This article takes a look back at the history of gold’s performance as an investment over the years.
The edited excerpts above, and those below, are from an article* by Ben Carlson (awealthofcommonsense.com) entitled A History of Gold Returns which can be read in its entirety HERE.
Returns By Decade
I broke down the returns into different time frames to give you a sense of how gold has performed over the different decades:
There’s still plenty of time remaining in the current decade, but if things continue as they have over the past few years, it’s possible that gold could have negative real returns in three out of the past five decades.
Returns By Starting Point
The starting point for the performance measurement also plays a large role in the total performance numbers:
Had you invested in 1980, following the huge surge in gold in the 1970s, you would have lost money to inflation over the ensuing 35 years. Since 2000, gold has actually outperformed the S&P 500. Both of these statements are true, but you’ll be hard pressed to hear both from gold’s most ardent supporters or detractors.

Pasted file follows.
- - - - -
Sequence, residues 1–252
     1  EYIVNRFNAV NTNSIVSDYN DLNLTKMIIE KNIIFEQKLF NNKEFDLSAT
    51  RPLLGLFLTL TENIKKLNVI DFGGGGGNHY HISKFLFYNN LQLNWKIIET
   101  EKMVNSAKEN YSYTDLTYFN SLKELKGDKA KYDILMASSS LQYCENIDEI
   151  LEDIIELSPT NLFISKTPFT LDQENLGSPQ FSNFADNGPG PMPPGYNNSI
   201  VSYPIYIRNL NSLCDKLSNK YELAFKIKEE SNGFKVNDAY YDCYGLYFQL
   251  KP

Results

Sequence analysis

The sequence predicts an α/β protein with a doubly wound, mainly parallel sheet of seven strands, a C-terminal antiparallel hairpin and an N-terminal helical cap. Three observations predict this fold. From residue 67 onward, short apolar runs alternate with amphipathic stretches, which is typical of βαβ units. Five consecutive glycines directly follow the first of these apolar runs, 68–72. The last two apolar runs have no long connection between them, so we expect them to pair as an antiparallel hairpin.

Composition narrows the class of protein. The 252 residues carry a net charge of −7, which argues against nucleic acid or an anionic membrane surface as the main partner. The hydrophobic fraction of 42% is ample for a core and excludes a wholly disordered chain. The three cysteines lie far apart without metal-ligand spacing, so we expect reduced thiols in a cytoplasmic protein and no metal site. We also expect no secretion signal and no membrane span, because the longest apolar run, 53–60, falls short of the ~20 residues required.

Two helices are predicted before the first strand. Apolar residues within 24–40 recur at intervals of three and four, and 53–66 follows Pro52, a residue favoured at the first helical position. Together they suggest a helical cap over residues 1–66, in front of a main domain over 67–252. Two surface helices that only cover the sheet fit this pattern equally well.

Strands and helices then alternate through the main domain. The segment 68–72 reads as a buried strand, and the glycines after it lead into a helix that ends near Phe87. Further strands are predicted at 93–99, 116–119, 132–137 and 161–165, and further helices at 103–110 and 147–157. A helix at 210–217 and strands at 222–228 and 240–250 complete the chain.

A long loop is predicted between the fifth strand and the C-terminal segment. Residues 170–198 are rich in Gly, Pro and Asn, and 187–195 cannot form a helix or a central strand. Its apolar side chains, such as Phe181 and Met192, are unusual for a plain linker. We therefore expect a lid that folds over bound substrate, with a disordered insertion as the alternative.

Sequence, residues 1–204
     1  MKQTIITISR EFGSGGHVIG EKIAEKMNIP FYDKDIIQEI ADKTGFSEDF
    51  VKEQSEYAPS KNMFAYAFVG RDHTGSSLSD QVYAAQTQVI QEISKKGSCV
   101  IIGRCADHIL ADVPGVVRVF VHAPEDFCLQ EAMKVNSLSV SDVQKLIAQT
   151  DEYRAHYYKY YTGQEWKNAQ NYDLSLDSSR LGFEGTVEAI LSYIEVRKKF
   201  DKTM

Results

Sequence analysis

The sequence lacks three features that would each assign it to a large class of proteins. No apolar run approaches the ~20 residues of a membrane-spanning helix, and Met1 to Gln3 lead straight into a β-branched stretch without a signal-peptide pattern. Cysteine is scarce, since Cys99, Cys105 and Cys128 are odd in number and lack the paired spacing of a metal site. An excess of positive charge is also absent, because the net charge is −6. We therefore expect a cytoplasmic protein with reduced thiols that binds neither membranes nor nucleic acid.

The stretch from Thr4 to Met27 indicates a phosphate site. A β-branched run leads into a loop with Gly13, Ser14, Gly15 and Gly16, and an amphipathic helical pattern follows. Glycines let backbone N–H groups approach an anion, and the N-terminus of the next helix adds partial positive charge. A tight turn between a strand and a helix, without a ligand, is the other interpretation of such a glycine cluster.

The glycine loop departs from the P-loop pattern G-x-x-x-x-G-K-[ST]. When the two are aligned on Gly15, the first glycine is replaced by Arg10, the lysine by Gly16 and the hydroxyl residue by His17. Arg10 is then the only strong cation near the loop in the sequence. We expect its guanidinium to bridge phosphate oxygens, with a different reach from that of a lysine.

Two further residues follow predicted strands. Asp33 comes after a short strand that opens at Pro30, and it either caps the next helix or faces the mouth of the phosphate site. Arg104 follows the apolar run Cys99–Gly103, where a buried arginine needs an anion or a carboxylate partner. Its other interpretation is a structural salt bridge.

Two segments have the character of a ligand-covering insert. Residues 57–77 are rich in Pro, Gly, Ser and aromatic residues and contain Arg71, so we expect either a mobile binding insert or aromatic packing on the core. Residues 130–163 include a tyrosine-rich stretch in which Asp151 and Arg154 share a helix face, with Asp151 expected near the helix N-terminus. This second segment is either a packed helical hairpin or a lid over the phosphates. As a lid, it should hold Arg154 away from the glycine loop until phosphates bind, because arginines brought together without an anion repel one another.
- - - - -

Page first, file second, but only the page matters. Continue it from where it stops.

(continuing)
As with all investments, if you change the time frame, almost any argument can be made either for or against, depending on how the information is presented . Depending on your time frame gold has either been a terrible investment or a solid (no pun intended) diversifier…
The only thing I’m sure of after looking back on the history of the price of gold is that it’s extremely volatile and cyclical. I’ve seen some strong arguments that can be made for a relationship between gold and real interest rates, but that’s the kind of thing that can come and go as it pleases. Other than the aforementioned, I’m not sure I can deduce much from the yellow metal that seems to evoke such passion from certain corners.